Pamplin Media Group – Wilsonville resident is running for US Congress

Orthopedic surgeon John Di Paola is running as a Republican for a seat held by Kurt Schrader


Wilsonville resident John Di Paola had never run for office or been particularly active politically. But in surveying the social and political landscape the last couple years, he was dismayed by what he saw. In particular, he grew frustrated with the seeming lack of police resources and homelessness on local streets, as well as the mask and vaccine mandates that he says have been ineffective.

In turn, Di Paola, who owned an orthopedic practice for two decades, decided to run for the United States 5th Congressional District as a Republican in a seat currently held by Rep. Kurt Schrader. The primaries for this election will take place May 17.

“I became increasingly frustrated and could not sit on the sidelines and watch this happen. I had to step up,” he said.

Di Paola, who grew up in New Jersey and is the grandson of Italian immigrants, said he was taught from an early age values ​​like working hard, honesty and thinking for yourself. In early adulthood, he held a job as a truck driver to earn money for college before attending Rutgers Medical School. He initially worked at Providence and Good Samaritan hospitals before starting his practice focusing on treating workplace injuries in Tualatin.

“I always found I enjoyed treating working people more than other demographics. That’s kind of the background I came from. Those are my people, if you will,” he said.

Di Paola’s shift toward politics began after he retired in 2020. He said he decided to run for Congress rather than a more local public office because he wanted to have a broader impact.

“I’m running because I want to change the balance of power in Washington DC,” he said.

In regards to efforts among some members of his party to overturn the results of the 2020 presidential election, Di Paola felt that a thorough investigation should be conducted on the matter but that he would not draw any conclusions until that is completed. He further felt that election systems should move away from computer technologies to count votes.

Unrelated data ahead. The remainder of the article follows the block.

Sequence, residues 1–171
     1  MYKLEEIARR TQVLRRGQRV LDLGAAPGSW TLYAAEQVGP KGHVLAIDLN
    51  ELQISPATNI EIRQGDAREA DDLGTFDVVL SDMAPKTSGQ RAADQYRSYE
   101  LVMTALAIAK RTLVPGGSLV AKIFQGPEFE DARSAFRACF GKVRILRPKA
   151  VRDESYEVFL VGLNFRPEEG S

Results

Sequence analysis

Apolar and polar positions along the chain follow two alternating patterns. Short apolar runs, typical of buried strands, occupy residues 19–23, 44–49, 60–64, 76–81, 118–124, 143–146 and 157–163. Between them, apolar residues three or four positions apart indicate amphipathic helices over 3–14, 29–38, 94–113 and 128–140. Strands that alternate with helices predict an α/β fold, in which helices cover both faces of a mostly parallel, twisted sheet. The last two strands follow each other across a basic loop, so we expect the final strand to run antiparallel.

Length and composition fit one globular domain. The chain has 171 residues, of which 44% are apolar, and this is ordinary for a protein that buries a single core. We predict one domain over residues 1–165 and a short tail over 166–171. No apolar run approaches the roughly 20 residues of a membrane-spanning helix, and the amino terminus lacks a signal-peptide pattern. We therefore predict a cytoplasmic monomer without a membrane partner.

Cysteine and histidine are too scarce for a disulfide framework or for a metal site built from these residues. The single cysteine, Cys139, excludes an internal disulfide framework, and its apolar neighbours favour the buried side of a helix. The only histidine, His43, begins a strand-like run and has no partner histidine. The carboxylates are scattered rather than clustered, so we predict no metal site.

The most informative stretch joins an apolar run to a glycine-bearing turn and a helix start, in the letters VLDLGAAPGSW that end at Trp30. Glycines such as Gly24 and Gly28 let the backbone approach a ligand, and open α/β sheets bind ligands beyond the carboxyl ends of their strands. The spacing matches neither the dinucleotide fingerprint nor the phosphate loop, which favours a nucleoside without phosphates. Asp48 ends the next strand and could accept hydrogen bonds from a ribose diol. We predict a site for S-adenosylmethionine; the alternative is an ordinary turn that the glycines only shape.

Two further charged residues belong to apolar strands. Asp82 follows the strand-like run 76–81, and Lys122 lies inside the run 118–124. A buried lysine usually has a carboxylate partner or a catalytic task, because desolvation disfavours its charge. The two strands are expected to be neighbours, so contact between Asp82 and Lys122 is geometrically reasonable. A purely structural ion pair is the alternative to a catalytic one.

“There’s a lot of disagreement about how secure our election system is. I think we should be evaluating our election system and we should be investigating what happened in 2020. And whether that’s sufficient to overturn the election, that would have to be shown, “he said.

He also said that he received COVID-19 vaccinations but has been dissatisfied that the vaccines do not prevent illness and that the virus continues to spread among those who have received shots. He thinks more of an emphasis should be placed on therapies and that mask and vaccine mandates should be repealed.

“I think the COVID situation has not been managed properly. I think it’s caused confusion, anger and divisiveness in our country. We need to have reputable researchers and scientists that do not have conflicts of interest to reevaluate what’s going on and educate the American public to what the virus is, “he said.

Di Paola further talked about the need to address environmental degradation, and provide places to go and support systems for homeless people who have mental health issues or other ailments. However, he felt that the federal budget should not be raised to address these issues.

“I do not think the American people need to bear the burden of any more taxes if we can avoid it. There’s probably areas where funds are not being effectively allocated,” he said.

Though the 5th Congressional District has new boundaries, Di Paola is expected to run against Schrader, a Democrat who has represented the district since 2009. Schrader told OPB in November that he would run for reelection in his current district as opposed to the new 6th Congressional District, but has yet to make an official announcement. The new district includes Clackamas County and runs all the way to Bend.

Di Paola felt that he could attract independent and Democratic voters and that these residents are also fed up with issues like the homelnessness crisis, unaffordable housing and an increase in crime.

“There are a lot of independent voters and many of my Democratic friends who are just as frustrated about these issues as anyone else,” he said.

Finally, Di Paola pledged to voters that he would work toward solutions rather than participate in political grandstanding – and stressed that he’s not a politician.

“I’m a blue collar doctor. My orientation is for solutions and bringing people together. I’m going to work really hard to accomplish that goal,” he said.

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